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Johnson’s successor: two Thatcher fans with heavy legacies

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Status: 07/21/2022 10:28

Finance Minister Sunak and Foreign Secretary Truss are vying for the leadership of Britain’s Tories. Both are considered cool diehards on the Johnson line. Your toughest opponent is in opposition.

By Gabi Biesinger, ARD Studio London

Rishi Sunak can shine in front of television cameras and knows how to market himself: he is running for prime minister because Britain’s potential is limitless and he is the best choice to lead the country into the future, said he explained at the opening of a televised debate between the candidates.

Sunak’s curriculum vitae in brief: 42 years old, born in Southampton to parents of Indian origin – his father a doctor, his mother a pharmacist. Training at the elite universities of Oxford and Stanford, then analyst for the investment bank Goldman Sachs, in the House of Commons since 2015, most recently finance minister in the government of Boris Johnson. Married to Akshata Murthy, the daughter of an Indian steel magnate, she is one of the richest women in the world. Two girls.

The fact that Sunak’s wife was not officially registered in Britain and thus saved millions in tax came to light in the spring. A legal procedure, but still awaiting explanations. Then Sunak was also fined as part of the Downing Street Partygate investigation for breaking Corona rules.

Rishi Sunak does not believe in tax cuts.

Image: Reuters

Clever, cold, Thatcher fan

Sunak is considered smart and cold. With regard to tax matters, he follows the conservative policy of Margaret Thatcher and does not consider taxes as a regulator of short-term income redistribution. He has already clashed with Prime Minister Boris Johnson over tax issues, and he warns against too rapid tax cuts, with which his opponent Liz Truss wants to score points.

He explained in the televised debate that he would also like to promise tax cuts, but such a policy would cost too much: “It promotes inflation, makes credit more expensive, reduces savings. Such a policy without cons – funding is not conservative – this is socialism!”

“Liz-Bot” on the Johnson line

But Liz Truss is also a fan of Margaret Thatcher. With her clothes and her photo poses, she tries again and again to imitate the Iron Lady. Tax matters aside, on the face of it she is making very similar promises to Rishi Sunak: she wants to unleash the country’s potential, has shown she can keep her promises as foreign minister and is now ready to take the lead as prime minister.

Just a loop or something more? Liz Truss’ choice of clothes during a televised debate over Johnson’s successor caused a stir – and a lot of ridicule.

Image: AP

Newspaper editorials have teased Truss as “Liz-Bot” after the party’s televised presidential duels, but she comes across as subdued compared to the lithe and eloquent Sunak. Truss’ CV in a nutshell: 46, born in Oxford to a nurse and a math teacher. Raised in Scotland, studied at Oxford, then worked as an economist. In the House of Commons since 2010, currently Secretary of State in the Johnson government. Married to an accountant, two daughters.

Truss campaigned to stay in the EU before the Brexit referendum, but now she has become a hardliner who, as Foreign Secretary, pushed the initiative to suspend the Northern Ireland Protocol, that is why there is a dispute with the EU. Sunak and Truss want to stick to Johnson’s policy line on key points.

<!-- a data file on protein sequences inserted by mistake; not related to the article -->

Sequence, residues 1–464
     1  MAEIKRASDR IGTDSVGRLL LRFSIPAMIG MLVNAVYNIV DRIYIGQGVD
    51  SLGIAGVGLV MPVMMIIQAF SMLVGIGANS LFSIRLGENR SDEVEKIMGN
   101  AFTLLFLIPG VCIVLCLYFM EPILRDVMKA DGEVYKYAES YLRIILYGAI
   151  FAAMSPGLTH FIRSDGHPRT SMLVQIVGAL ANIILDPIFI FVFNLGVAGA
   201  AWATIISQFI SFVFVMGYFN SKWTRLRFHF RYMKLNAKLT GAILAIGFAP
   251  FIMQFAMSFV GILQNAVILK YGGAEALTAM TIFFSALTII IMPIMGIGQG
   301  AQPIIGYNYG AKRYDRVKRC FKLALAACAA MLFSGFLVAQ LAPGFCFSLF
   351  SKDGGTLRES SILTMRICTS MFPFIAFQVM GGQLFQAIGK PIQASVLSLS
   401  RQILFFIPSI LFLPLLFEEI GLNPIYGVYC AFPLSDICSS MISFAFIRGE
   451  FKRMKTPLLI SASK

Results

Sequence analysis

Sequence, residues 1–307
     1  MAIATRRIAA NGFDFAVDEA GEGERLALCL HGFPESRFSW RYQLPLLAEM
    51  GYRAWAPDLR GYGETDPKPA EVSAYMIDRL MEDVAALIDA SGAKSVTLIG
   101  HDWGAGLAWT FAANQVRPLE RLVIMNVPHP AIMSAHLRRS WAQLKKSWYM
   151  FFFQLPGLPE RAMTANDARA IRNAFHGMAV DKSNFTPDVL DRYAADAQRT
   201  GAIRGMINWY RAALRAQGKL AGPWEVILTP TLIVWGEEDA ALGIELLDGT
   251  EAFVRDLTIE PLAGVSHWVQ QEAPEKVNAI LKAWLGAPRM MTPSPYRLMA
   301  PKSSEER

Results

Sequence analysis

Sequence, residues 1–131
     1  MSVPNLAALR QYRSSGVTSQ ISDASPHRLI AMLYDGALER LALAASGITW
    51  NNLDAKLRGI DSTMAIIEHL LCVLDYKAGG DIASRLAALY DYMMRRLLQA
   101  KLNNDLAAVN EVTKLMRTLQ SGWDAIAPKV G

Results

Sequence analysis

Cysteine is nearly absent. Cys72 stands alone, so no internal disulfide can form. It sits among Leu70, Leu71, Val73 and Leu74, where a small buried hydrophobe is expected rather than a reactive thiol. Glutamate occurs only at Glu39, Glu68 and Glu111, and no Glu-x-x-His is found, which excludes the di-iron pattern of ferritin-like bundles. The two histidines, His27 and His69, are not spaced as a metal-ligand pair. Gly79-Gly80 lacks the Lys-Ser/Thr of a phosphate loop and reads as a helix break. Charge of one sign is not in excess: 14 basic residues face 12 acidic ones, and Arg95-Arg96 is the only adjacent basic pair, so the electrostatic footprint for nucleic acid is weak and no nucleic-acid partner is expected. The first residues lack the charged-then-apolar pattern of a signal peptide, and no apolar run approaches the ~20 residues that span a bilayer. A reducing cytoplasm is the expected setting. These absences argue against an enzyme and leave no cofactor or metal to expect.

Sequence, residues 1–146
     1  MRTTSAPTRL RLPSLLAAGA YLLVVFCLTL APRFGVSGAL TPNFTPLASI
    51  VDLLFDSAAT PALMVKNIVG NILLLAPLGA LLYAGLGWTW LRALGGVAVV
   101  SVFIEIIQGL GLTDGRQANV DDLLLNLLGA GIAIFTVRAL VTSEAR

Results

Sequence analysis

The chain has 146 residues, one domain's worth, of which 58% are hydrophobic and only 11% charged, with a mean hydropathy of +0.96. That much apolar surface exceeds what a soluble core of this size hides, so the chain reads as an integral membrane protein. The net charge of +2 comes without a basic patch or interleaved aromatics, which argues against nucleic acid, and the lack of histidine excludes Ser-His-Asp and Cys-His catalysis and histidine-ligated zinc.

Labor leads in polls

But for both of them, their time as cabinet members of the Johnson government will likely be a difficult legacy. The outgoing Prime Minister once again defended his political heritage during the final hour of questions in parliament on Wednesday. “We have rebuilt our democracy and restored our independence,” he said, referring to the exit from the EU, in which he played a key role and which he implemented.

Labor leader Keir Starmer, on the other hand, gave him scathing testimony. “Inflation has risen again this morning and millions are grappling with the cost of living crisis – and he has decided to come out of his gold-walled bunker one last time and tell us that everything okay,” Starmer said — referring to a scandal involving expensive wallpaper at Johnson’s official residence.

Labor is leading in the polls and the Conservatives have recently lost by-elections even in strongholds. At his peak, Johnson had the ability to appeal to both the working class and the upper middle class. It doesn’t look like either of the two potential successors can hold a candle to him yet.

Johnson meeting?

But famed political pick-me-up Johnson has even hinted that there might be a comeback for him one day. Leaving Parliament on Wednesday, he ended with a quote from the Terminator film series: “Hasta la vista, baby!” Regardless of who emerges victorious in the duel to succeed Johnson, it will be difficult to follow in his footsteps.

Conservative MPs will now decide who will next be elected leader of the party and thus also the new prime minister on September 5. They can get a feel for the candidate at campaign appearances called “Hustings” across the country in the coming weeks.

Until now, Sunak has always been able to get the most votes in the caucus, but that could change now: the party base operates differently from the caucus. Polls show that Truss is more popular with Conservative party members – on the other hand, there are polls that Sunak is more popular with Conservative voters.

Source www.tagesschau.de

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